Queen Elizabeth I
7 of 125 portraits of Queen Elizabeth I
- Tudor and Jacobean Portraits Database
Queen Elizabeth I
by Unknown artist
oil on panel, 1580s-1590s
26 1/4 in. x 19 1/4 in. (666 mm x 488 mm)
Click on the links below to find out more:
Key findings: The portrait of Elizabeth was painted over an unfinished portrait of a woman, and the iconography of the portrait of the queen changed significantly during the painting process.
The portrait was given to the Gallery by the Mines Royal, Mineral and Battery Society in 1865. These mining monopolies were created by Elizabeth I and the portrait was said to have been given to the Mines Royal by Prince Rupert (1619-1682) when he was governor; it hung for nearly 200 years in the court room of the societies.
Notes on likely authorship and justification
The handling indicates that the picture was produced in an English workshop and it is likely to be an example of a type which was once more common. It uses the face pattern that relates to the Darnley portrait of Elizabeth I. This was frequently used to produce images of the queen and therefore does not help to identify the artist.
Commentary on condition, painting style and technique
The portrait of Elizabeth is painted over a portrait of a woman which had been abandoned before it was finished. Only the head had been painted and no other part of the composition is present. The paint layers for the portrait of Elizabeth were thinly applied and the paint surface is very worn, mostly due to vigorous cleaning in the past. The eyes and nose of the portrait below can be seen where the forehead of Elizabeth has been abraded (see detail 01).
The portrait of Elizabeth was painted in a straightforward and systematic manner. The costume details are difficult to interpret because there are several changes in the pattern. The artist changed the composition and iconography of the portrait significantly during the painting process. The original design showed the queen holding a snake, an emblem of wisdom, which was fully modelled. However, this design was abandoned probably because of the alternative negative associations with the snake emblem. Flesh paint was applied over the snake when the fingers were opened out and extended to hold a small bunch of roses. The roses held in the hand have become less distinct, partly because the underlying snake has become more evident due to the increased transparency of the paint layers, and also because the red lake has faded (see detail 02).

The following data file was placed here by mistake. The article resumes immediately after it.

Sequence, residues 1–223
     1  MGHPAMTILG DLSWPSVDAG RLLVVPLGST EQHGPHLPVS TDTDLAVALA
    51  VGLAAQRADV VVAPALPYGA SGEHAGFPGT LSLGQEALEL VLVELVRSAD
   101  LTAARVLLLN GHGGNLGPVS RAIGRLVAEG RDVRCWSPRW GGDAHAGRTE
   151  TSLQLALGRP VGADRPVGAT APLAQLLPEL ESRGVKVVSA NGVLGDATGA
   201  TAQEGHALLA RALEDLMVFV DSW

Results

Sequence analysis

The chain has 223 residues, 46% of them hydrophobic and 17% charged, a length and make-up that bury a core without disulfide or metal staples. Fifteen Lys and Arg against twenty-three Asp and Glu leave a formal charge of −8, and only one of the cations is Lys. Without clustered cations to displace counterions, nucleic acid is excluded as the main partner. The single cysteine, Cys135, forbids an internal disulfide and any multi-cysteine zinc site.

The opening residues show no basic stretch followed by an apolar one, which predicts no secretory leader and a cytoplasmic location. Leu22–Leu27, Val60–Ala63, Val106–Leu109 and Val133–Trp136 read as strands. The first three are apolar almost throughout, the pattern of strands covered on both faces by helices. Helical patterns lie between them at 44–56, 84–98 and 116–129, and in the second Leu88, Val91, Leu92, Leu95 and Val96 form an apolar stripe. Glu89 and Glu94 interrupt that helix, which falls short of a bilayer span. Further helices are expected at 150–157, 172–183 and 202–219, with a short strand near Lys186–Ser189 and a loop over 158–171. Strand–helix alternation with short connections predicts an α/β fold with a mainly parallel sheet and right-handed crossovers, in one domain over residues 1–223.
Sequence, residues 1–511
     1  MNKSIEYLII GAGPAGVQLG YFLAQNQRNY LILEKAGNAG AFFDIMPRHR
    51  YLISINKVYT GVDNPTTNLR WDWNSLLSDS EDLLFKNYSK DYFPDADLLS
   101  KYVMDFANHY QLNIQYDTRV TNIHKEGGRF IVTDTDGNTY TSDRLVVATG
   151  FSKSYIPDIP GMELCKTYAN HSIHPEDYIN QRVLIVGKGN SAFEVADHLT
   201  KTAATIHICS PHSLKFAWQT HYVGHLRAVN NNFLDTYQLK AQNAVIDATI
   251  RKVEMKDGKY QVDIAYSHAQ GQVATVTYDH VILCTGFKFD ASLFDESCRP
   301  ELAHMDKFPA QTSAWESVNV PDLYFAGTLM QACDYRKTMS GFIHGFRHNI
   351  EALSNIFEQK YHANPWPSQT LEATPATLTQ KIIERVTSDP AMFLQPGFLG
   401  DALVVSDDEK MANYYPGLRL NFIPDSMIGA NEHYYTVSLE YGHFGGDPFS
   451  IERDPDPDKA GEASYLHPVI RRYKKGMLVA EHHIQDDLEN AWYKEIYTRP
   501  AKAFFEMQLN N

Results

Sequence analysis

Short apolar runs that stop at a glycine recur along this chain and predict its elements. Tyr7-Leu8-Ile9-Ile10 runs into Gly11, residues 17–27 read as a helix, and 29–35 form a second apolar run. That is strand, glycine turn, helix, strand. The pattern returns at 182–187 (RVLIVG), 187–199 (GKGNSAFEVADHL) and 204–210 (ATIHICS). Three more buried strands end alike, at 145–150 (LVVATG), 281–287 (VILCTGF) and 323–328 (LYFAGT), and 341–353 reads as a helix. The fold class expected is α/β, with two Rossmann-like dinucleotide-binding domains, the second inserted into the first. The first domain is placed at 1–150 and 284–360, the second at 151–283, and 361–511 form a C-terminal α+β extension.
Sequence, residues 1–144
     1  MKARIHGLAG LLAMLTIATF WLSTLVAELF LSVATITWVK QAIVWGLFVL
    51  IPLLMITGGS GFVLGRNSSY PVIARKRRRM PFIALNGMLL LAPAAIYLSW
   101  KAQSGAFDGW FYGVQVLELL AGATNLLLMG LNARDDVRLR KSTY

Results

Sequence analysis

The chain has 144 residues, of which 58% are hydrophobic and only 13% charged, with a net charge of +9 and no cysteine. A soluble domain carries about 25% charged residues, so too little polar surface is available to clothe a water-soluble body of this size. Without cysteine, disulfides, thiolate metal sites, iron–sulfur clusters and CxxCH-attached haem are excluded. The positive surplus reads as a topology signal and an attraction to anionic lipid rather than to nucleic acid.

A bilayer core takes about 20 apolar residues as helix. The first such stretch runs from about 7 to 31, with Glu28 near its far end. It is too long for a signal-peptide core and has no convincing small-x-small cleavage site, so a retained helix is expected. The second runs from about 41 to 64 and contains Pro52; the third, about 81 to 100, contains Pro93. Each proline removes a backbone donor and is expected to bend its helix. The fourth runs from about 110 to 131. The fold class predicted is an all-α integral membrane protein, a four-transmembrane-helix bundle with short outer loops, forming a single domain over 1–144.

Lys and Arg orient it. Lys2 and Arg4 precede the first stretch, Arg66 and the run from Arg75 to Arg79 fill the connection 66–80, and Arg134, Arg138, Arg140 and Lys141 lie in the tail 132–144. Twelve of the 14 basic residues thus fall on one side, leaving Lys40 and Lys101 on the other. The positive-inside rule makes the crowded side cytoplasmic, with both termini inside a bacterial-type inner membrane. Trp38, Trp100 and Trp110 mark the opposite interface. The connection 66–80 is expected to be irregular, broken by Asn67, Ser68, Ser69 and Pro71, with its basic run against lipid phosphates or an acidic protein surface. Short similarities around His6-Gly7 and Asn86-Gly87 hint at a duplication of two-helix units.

Justification for dating
Dendrochronological analysis suggests that the panel, and its first use, dates from between 1572 and 1582. This fits with the dating of the costume for the portrait of the woman underneath, which dates to the 1570s.The Darnley face pattern of the queen was in use throughout the 1580s and into the 1590s.
Drawing and transfer technique
Infrared reflectography did not reveal any carbon-based underdrawing.
Relevance to other known versions
Other versions with similar costume:
- Royal Collection
- Reading Museums Service
- Government Art Collection.
Arnold, Janet, Queen Elizabeths Wardrobe Unlockd, 1988, pp. 21-2
Strong, Roy, Tudor and Jacobean Portraits, 1969, pp.103, 109-112
Compare Images (what's this?)
Compare high-resolution images against the painting - mainly x-ray and infra-red photography images, but sometimes UV or raking light images - side by side with the ability to zoom in on details.
The joins in the panel appear to be secure. The paint surface is very abraded, due mostly to vigorous cleaning, probably when past restorers were trying to understand the presence of the portrait beneath.
The surface of the passages of impasto (in the jewels and embroidery) are very worn. There are the remains of white impasto decoration on the doublet, most of which appears to have been scraped off. The green leaves of the roses have discoloured and become brown but have been restored in the past with a translucent blue. The abraded surface has not been restored. The varnish is clear and even.
Number of boards: 2
Panel Orientation: Vertical
Panel condition observations